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Microfibres are still relatively new to the cleaning industry but now a great deal of research is taking place on production and implementation of nanofibres.

Nanofibres are traditionally defined as cylindrical structures having an outer diameter below 1000 nm and an aspect ratio (the ratio between length and width) greater than 50. Over the years, several types of nanofibres have been developed: polymeric, carbon, ceramic, glass, metallic, and composite.

Nanofibres have current and potential use in a large variety of applications, i.e., electronics, mechanical, chemical, sensors and instrumentation, energy, medical, bioengineering, automotive, aerospace, thermal and acoustic insulation, consumer, and defence and security.

One exciting report I read recently stated:

"Forget about gold nanospheres. The hot new drug-delivery technology involves nanodiamonds, say Northwestern University researchers. Functionalized, aggregated clusters of the material isolate chemotherapy drugs, delivering medications to cancerous growths without exposing normal cells. Because the nanodiamonds are highly ordered, they do not cause inflammation in normal body tissues."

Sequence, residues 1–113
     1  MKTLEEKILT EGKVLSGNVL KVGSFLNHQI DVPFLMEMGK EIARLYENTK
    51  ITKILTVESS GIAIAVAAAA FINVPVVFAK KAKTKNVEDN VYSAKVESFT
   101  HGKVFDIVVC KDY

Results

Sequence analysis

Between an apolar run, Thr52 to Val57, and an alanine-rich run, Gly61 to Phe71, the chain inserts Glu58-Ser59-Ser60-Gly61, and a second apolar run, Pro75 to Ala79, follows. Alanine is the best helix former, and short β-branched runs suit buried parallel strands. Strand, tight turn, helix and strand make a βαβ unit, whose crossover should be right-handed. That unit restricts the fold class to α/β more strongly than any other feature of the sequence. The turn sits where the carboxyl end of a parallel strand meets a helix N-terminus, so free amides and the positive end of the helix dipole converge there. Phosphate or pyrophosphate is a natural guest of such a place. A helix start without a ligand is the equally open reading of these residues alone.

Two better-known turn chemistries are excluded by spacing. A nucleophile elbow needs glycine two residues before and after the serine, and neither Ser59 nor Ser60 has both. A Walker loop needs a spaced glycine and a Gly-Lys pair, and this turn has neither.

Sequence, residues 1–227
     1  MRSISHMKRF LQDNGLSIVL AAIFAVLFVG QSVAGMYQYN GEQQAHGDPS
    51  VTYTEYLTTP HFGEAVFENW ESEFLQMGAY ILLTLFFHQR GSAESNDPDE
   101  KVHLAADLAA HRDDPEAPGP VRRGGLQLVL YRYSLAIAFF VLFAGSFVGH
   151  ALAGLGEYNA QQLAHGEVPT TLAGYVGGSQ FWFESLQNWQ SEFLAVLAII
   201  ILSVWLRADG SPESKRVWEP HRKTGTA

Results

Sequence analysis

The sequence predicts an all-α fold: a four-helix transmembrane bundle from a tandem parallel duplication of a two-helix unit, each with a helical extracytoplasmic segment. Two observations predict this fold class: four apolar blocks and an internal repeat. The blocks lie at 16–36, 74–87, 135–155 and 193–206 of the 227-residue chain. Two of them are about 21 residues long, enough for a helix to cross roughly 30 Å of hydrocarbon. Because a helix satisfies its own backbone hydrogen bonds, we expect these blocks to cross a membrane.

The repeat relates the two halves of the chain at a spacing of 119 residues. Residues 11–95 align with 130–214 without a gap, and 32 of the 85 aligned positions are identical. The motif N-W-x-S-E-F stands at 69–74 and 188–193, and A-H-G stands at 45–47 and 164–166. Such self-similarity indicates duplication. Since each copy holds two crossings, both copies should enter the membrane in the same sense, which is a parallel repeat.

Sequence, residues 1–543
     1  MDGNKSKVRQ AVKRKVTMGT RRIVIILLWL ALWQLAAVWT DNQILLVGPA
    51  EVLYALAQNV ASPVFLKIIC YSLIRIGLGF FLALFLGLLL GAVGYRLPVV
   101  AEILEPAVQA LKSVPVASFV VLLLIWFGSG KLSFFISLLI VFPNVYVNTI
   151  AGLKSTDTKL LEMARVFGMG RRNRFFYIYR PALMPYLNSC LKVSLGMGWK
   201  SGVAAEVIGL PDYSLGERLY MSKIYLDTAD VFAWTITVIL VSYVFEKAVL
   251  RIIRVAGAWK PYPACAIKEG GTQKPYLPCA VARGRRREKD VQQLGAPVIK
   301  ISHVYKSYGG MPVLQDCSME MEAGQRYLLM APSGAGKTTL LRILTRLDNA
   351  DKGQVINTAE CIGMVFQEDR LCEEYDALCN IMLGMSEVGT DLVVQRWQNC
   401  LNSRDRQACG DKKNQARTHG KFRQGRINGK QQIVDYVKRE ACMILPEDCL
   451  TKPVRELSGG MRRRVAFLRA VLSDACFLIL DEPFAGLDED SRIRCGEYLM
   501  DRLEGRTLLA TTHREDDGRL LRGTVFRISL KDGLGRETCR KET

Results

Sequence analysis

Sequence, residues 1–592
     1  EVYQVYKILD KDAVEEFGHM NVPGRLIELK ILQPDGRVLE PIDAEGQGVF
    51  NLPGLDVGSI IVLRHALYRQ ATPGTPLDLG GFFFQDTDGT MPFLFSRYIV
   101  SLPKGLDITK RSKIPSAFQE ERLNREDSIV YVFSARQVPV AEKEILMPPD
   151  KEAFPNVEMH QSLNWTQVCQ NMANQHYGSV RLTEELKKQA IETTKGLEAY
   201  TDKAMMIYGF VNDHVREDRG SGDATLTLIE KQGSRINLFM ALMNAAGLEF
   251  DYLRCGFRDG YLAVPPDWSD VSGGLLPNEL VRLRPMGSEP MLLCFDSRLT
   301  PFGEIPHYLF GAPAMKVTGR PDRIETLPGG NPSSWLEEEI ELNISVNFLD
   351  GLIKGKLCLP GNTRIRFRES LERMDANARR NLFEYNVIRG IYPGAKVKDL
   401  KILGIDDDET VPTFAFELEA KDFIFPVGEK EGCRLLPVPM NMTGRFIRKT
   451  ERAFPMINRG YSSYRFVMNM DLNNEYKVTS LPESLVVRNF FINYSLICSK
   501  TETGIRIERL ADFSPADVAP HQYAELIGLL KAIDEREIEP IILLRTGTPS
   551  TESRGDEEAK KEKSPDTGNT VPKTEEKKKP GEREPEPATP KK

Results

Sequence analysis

The successful development of this particular implementation has the potential to greatly alleviate the side effects of cancer treatment and it is only right and proper that the main developmental thrust should be in such areas but who knows what offshoots of this and similar research might find their way into the chemicals that we use on a daily basis - a spotting agent with the ability to safely remove dye-added stains, whilst protecting the native dye of textiles, maybe?

I may not be around to use such products but it does not take the greatest stretch of imagination to think that some of today's young cleaners might some day be using nanotechnology that outstrips M-Power.

John Bolton MBICSC © 2007 Solution UK Ltd.